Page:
These tricks include retarding the timing, injecting more fuel, manipulating the airflow of the turbo boost and intake, and manipulating the EGR valve to force more hot air into the engine. These methods are inefficient because the engine coolant is counteracting any effect they have upon engine temperature. Furthermore, dumping fuel into the engine using the post-injection method dilutes the oil protecting the contact surfaces and leads to premature wear.
Another method of passive cleaning uses an additional fuel injector upstream of the catalyst to heat the exhaust to sufficient temperatures. This method is far more efficient and safer than the post-injection method used by GM, Ford, and Dodge. It bypasses the engine and focuses the production of heat exactly where it is needed with very little additional fuel consumption.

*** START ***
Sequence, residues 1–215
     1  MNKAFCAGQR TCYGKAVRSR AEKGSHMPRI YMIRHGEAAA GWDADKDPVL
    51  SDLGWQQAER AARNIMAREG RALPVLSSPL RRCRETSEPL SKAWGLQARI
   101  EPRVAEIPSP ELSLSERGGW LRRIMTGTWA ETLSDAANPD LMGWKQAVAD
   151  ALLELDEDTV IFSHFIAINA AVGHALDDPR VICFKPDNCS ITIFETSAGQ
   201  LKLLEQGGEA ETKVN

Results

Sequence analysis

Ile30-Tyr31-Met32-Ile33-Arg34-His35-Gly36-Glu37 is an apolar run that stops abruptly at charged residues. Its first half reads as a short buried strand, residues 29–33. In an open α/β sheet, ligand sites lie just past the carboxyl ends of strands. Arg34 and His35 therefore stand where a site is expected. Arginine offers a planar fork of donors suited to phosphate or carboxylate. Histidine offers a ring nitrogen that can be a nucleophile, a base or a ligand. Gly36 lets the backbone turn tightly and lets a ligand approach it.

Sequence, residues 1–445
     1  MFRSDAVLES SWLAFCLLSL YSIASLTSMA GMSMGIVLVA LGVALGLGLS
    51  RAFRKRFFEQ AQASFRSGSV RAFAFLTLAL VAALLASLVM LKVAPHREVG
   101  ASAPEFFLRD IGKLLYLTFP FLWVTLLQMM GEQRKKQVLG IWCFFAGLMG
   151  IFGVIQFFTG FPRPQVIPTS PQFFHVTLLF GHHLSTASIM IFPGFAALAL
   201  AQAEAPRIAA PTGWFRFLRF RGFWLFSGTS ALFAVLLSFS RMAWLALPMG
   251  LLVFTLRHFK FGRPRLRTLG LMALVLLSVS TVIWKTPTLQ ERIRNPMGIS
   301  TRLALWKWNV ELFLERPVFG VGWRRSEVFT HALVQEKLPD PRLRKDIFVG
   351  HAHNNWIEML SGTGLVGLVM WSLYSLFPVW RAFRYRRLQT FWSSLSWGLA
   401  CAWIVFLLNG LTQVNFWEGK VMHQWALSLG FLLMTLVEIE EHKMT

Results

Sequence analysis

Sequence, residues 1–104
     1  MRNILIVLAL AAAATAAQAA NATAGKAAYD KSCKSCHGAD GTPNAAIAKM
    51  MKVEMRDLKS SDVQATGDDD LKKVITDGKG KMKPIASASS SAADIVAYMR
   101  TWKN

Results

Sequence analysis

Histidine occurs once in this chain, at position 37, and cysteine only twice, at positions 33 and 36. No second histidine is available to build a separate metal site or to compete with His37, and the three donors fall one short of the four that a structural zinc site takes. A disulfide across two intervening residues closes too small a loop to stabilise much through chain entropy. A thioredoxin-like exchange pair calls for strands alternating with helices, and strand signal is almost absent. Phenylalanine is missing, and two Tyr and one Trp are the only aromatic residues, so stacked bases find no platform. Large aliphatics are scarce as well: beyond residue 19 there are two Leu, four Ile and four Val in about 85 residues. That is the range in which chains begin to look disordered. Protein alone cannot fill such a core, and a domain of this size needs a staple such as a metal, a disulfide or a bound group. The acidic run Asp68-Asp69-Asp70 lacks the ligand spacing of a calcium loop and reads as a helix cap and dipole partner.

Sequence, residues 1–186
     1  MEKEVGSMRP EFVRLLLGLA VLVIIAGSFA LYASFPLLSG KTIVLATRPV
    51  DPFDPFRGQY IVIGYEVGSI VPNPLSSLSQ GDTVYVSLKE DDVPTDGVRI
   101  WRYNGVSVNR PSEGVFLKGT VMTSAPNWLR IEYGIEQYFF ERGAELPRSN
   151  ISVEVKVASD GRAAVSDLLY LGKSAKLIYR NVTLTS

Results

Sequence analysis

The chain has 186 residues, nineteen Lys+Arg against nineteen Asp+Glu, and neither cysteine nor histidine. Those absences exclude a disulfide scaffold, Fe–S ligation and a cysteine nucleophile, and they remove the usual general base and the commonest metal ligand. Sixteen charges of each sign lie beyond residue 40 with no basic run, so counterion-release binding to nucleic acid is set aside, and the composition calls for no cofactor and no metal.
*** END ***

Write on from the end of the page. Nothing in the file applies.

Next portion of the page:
The DPF reduces hydrocarbons and poisonous carbon monoxide by 90-percent. However, these regeneration processes leave a lot to be desired. They do not per se clean the DPF. Eventually, the DPF will become loaded with fine ash even if the regeneration cycle is successful. Anyone who works with this ash must wear respiratory equipment because it is carcinogenic and easily inhaled. In order to clean the DPF professionally, it must be uninstalled and placed in a special machine that uses vacuum pressure and compressed air to remove the ash from the filter. Replacement of a DPF exhaust system can run upwards of $7,000 in a late-model truck.
The Laws Regarding DPF Tampering